The for­ward mo­tion

The­w­holelove

The Star Malaysia - Star2 - - MUSIC -

Acou­ple of decades ago, a young and tough Jeff Tweedy thought he was punk rock. That is noth­ing com­pared to how out there, the 44-year-old Wilco front­man and fa­ther of two feels these days.

“To be hon­est, at this age, I feel like what we’re do­ing now is more punk rock than any­thing I could’ve pulled off dur­ing the con­form­ity of punk rock,” said Tweedy.

“To me, grow­ing up and be­ing an adult play­ing rock mu­sic is al­most rev­o­lu­tion­ary. I’m not talk­ing about just get­ting older. I’m talk­ing about act­ing like a ma­ture per­son and ad­vo­cat­ing grow­ing up, which gets a lot of bad ink as far as rock peo­ple go.”

In a sense, Wilco’s eighth stu­dio al­bum, The Whole Love, rep­re­sents the fi­nal step into com­plete rock ‘n’ roll adult­hood: true in­de­pen­dence. They re­cently jet­ti­soned their per­fectly good record la­bel and started their own, dBpm Records, punk cred for the DIY ini­tia­tive, for sure.

They rarely tour more than a few weeks at a time, carv­ing out a pri­vate life that al­lows for chil­dren and wives and a life. While that does not sound very punk, in Tweedy’s world view, it is as good as a tall blue mo­hawk and a pair of Dr Martens.

“It’s not some­thing peo­ple want you to do,” said Tweedy. “peo­ple want to have some sort of vi­car­i­ous idea that you can stay ir­re­spon­si­ble and im­ma­ture for­ever.”

The Whole Love, which was re­leased last month to gen­er­ally strong re­views, de­buted at No.5 on the Bill­board 200 al­bums chart with 82,000 copies sold. They fin­ished off a uS tour last week that in­cluded two sold-out shows at The Ry­man Au­di­to­rium in Nashville.

Tweedy was loose and in good hu­mourat his ho­tel room dur­ing an in­ter­view, wear­ing a denim jacket and his trade­mark tou­sled hair. He was full of funny, self-dep­re­cat­ing sto­ries and play­fully feigned ex­as­per­a­tion at the petty tra­vails of life on the road.

“He’s a lucky guy and he knows it,” said Wilco’s rep­re­sents the fi­nal step into com­plete rock ‘n’ roll adult­hood: true in­de­pen­dence. Wilco man­ager Tony Margherita, who has been with Tweedy since he was part of the sem­i­nal alt-coun­try band un­cle Tu­pelo.

“(It) does gen­er­ally feel like a pretty good fam­ily busi­ness, and that’s a nice thing if you can do it on your own terms.”

It has been that way a long time mu­si­cally for Wilco, the band that fa­mously fed at the same trough twice when it was dropped by Reprise over creative dif­fer­ences, then signed to sis­ter im­print None­such to re­lease a mile­stone al­bum. even back then, they thought of leav­ing the tra­di­tional la­bel par­a­digm.

“It’s funny, I think even back on Yan­kee Ho­tel Fox­trot when we were kicked off Reprise, it was pretty ob­vi­ous what was go­ing to hap­pen,” said bass player John Stir­ratt of their even­tual de­ci­sion to start their own la­bel.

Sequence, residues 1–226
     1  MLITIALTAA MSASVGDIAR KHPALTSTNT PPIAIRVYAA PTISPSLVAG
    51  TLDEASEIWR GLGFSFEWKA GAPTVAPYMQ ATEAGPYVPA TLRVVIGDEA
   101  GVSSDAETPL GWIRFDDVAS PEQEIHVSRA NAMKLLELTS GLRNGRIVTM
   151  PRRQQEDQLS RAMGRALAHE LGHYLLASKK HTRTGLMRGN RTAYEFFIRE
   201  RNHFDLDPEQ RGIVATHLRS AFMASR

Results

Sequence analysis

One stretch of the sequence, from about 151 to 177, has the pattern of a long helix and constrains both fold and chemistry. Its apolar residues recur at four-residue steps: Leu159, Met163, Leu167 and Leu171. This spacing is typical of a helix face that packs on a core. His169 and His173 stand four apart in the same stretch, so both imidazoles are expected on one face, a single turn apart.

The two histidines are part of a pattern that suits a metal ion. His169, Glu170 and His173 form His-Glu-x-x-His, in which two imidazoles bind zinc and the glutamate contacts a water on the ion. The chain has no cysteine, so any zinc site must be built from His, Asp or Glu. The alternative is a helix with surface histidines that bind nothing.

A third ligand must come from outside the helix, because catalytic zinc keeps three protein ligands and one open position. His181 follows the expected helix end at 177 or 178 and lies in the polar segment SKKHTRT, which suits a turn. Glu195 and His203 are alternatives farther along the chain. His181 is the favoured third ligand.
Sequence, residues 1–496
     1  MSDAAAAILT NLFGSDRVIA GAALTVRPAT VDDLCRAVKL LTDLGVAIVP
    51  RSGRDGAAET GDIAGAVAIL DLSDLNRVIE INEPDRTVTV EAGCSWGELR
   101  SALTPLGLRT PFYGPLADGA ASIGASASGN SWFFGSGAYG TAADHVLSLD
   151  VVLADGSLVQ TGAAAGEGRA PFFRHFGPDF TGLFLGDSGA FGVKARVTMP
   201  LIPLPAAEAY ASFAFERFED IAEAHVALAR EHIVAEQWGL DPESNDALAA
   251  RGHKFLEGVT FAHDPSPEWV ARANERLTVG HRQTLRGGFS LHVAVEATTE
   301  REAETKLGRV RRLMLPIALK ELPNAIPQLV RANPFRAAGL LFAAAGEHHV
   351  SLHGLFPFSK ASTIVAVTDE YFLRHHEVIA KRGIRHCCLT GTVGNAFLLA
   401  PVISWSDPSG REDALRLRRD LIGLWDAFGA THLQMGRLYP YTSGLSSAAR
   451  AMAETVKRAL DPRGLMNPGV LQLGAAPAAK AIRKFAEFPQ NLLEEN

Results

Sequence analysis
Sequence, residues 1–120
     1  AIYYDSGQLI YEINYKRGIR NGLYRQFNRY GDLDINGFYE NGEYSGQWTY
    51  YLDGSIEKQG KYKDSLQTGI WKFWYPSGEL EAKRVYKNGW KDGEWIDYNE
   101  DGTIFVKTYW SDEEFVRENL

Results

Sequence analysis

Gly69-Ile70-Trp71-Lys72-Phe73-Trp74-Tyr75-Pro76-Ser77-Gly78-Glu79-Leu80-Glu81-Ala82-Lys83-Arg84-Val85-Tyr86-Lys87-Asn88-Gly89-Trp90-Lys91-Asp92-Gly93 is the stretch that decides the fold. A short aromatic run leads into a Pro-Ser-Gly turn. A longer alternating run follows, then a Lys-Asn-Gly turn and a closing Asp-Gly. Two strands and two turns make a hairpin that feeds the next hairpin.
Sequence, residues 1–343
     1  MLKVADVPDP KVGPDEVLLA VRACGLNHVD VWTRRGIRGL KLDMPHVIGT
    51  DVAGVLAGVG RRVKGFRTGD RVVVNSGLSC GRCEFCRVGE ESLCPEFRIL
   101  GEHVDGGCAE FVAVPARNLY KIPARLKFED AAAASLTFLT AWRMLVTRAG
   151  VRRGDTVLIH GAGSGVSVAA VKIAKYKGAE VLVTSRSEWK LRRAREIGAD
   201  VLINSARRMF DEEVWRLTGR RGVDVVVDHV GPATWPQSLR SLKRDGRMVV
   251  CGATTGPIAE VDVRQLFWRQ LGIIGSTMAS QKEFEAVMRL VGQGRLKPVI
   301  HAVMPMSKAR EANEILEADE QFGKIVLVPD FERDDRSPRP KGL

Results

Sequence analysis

“You could re­ally see the writ­ing on the wall. We thought, `Gosh, should we try this now?’ It was con­sid­ered.”

In­stead, Wilco re­leased four stu­dio al­bums on None­such, a la­bel all gen­uinely re­spected. But when Tweedy, Stir­ratt and the other mem­bers of the chicago-based band – gui­tarist Nels cline, drum­mer Glenn Kotche and multi-in­stru­men­tal­ists pat San­sone and Mikael Jor­gensen – had the chance to break away, they took it. And it has been bet­ter than ex­pected.

“We’ve had the feel­ing of free­dom for a long time and cer­tainly it seems like the free­dom is re­ally fun, be­cause any sort of idea we have we can re­ally fol­low up on it and sort of pur­sue,” said Stir­ratt.

“I think you, as the la­bel, if you have the work ethic and every­thing, you’re al­ways go­ing to do a bet­ter job for your­self than some­one else is go­ing to do. Frankly, we’ve al­ready seen that the way this al­bum has rolled out.”

The Whole Love fea­tures a lit­tle bit of every­thing for the ever-opin­ion­ated Wilco audi- ence.ence. It starts with a two-song warn­ing shot – the seven-minute stut­ter­ing, jagged lope of im­pres­sion­is­tic opener Art Of Al­most, and the fuzzed-up at­tack of the de­light­fully ob­scure tone poem I Might.

“We wanted to kick the door open and have peo­ple ex­pect any­thing else to hap­pen,” said Tweedy. “And any­thing else kind of does hap­pen.”

The ti­tle track is a dadaist salute to (per­haps un­re­quited) love and the 12-minute al­bum closer One Sun­day Morn­ing car­ries the stately grav­i­tas of a bib­li­cal pas­sage.

Tweedy and Stir­ratt think The Whole Love is the finest ex­am­ple of Wilco. com­bined with the launch of the la­bel, Tweedy said he and his band­mates have re­ally achieved ev­ery goal they’ve ever had.

“But there’s a much more elu­sive goal that I think takes a lot of work and I think is just valu­able, and that’s a goal to stay in­spired,” he said. “It’s a goal to keep feed­ing this idea. That’s kind of your job now, to stay into it, to not get jaded, to lis­ten to young bands.” – Ap

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